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Sino-British Relations: China’s new ambassador

Posted by: Gherson Immigration

One of the biggest events in Sino-British relations this year will be the retirement of Liu Xiaoming as China’s ambassador to the UK and Zheng Zeguang’s appointment as his successor.

Liu Xiaoming has served as China’s ambassador to the UK for the past 10 years, which is significantly longer than the usual term of four-year term for Chinese diplomats. Liu Xiaoming’s legacy is not free of controversies. On the one hand, commentators have praised his career for strengthening Sino-British relations to new levels back in 2015, and standing up to Britain as an outspoken advocate against Western misconceptions about China when Sino-British relations became strained. On the other hand, commentators have accused Liu Xiaoming of being too aggressive in his advocacy.

But with a new face comes a new strategy. Zheng Zeguang, a former Cardiff University law student and China’s current vice foreign minister, was originally destined to become China’s ambassador to the US. On the surface, being posted instead to the UK may therefore have appeared like a downgrade for him. However, this appointment can also be interpreted as a sign of China’s increased focus on building a new and different relationship with Britain in the face of China’s stalemate with the US, and the double impact of Brexit and COVID-19 on the British economy. Chinese commentators have referred to Britain as “strategically important” in the US-China trade war and have described the reason behind Zheng Zeguang’s deployment as “sending your top asset to the frontlines”.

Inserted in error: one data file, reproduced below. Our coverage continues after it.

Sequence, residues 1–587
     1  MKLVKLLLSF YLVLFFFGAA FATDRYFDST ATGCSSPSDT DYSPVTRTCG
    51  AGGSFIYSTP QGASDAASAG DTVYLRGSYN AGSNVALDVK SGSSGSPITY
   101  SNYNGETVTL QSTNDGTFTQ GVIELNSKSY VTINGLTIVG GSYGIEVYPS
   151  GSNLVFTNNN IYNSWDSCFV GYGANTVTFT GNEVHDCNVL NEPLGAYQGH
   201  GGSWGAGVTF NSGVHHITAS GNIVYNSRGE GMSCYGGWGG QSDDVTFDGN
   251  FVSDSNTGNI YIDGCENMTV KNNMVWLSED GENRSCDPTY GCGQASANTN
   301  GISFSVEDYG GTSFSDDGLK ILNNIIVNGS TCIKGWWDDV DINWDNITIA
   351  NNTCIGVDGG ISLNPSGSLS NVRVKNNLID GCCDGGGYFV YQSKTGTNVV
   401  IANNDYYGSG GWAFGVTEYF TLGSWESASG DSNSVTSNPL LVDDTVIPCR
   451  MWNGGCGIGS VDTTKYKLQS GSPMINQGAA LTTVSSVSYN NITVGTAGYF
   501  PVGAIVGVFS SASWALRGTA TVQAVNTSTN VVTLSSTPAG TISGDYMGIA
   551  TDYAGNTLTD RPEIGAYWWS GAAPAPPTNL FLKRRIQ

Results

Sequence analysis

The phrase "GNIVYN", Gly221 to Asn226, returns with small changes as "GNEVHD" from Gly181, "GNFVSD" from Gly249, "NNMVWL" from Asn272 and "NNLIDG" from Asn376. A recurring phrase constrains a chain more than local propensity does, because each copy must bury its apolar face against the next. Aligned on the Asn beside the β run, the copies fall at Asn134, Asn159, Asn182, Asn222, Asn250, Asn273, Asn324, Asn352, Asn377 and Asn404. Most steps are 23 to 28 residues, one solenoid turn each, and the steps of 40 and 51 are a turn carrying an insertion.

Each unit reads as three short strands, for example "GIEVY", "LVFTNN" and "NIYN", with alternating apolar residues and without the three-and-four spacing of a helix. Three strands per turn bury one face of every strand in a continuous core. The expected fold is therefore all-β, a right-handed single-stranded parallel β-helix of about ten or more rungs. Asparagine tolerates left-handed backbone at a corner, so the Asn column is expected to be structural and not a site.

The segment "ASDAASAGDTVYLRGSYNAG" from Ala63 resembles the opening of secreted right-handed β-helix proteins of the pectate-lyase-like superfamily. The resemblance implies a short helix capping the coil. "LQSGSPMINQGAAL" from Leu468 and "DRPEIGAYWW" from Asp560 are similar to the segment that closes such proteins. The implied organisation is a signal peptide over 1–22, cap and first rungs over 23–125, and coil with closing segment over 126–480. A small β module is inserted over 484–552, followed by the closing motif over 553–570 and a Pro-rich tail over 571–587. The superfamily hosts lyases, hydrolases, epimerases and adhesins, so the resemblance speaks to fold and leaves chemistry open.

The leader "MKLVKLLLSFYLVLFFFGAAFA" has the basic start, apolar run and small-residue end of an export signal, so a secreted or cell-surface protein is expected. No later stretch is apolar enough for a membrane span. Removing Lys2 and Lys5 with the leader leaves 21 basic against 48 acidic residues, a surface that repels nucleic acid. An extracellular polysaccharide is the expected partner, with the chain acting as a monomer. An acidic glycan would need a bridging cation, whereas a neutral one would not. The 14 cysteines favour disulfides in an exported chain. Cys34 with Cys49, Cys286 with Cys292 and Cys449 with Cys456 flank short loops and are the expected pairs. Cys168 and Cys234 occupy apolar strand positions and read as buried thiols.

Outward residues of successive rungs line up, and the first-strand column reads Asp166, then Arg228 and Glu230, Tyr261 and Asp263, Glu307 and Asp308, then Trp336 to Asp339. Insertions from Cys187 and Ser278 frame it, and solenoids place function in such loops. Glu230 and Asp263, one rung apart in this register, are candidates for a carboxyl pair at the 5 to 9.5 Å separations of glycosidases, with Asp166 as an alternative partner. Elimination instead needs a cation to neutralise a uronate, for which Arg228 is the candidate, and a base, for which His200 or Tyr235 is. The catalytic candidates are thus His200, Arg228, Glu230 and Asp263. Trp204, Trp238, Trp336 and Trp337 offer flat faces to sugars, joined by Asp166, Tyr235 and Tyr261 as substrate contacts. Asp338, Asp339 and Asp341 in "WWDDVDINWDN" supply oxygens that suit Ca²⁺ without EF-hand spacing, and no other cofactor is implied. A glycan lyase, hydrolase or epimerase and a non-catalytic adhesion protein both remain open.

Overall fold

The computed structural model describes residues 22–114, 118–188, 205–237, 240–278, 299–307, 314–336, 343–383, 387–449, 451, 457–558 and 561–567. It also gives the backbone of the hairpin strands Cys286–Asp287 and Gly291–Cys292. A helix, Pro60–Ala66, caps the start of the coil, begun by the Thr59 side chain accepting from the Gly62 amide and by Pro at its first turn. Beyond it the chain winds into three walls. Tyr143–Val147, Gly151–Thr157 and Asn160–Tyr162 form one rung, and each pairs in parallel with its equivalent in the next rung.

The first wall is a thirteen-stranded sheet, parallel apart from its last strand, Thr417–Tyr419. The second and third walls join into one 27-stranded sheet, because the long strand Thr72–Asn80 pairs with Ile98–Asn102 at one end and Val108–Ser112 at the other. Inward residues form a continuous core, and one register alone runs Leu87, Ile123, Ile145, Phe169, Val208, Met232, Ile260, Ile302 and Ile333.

It is too early to tell how Sino-British relations will develop with Zheng Zeguang in charge. But with change comes uncertainty in the long-term implications for stakeholders, migrants, and businesses alike, which will all need to adapt. 

In 2020, we saw how changing Sino-British relations created opportunities such as the Hong Kong British National (Overseas) (BN(O)) Visa (which we reviewed in the following link: https://www.gherson.com/blog/hong-kong-british-national-overseas-visa-route) as well as challenges such as the National Security and Investment Bill 2020 (see our blog at: https://www.gherson.com/blog/national-security-and-investment-bill-2020).

In times of uncertainty, it is important to obtain legal advice to guide your plans and help you seize opportunities whenever they may present themselves. Gherson has a wealth of experience in all aspects of UK immigration law. If you have any specific questions or queries in respect of your particular circumstances, please do not hesitate to contact us

 

The information in this blog is for general information purposes only and does not purport to be comprehensive or to provide legal advice. Whilst every effort is made to ensure the information and law is current as of the date of publication it should be stressed that, due to the passage of time, this does not necessarily reflect the present legal position. Gherson accepts no responsibility for loss which may arise from accessing or reliance on information contained in this blog. For formal advice on the current law please don’t hesitate to contact Gherson. Legal advice is only provided pursuant to a written agreement, identified as such, and signed by the client and by or on behalf of Gherson.

©Gherson 2021

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